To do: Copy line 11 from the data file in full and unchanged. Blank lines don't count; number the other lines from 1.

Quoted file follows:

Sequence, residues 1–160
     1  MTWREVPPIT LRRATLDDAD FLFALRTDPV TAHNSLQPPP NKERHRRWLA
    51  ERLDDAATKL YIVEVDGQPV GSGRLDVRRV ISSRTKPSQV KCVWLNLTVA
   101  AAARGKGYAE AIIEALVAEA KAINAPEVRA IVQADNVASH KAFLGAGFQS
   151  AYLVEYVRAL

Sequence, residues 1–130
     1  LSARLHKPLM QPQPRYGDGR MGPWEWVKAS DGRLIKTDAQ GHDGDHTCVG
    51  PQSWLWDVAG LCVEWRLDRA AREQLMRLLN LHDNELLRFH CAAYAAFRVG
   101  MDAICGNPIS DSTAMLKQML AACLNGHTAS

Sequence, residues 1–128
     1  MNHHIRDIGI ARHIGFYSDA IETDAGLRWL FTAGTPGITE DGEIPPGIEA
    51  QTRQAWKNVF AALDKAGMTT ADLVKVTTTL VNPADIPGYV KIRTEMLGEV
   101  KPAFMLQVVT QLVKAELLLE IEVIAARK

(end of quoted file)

     1  MNHHIRDIGI ARHIGFYSDA IETDAGLRWL FTAGTPGITE DGEIPPGIEA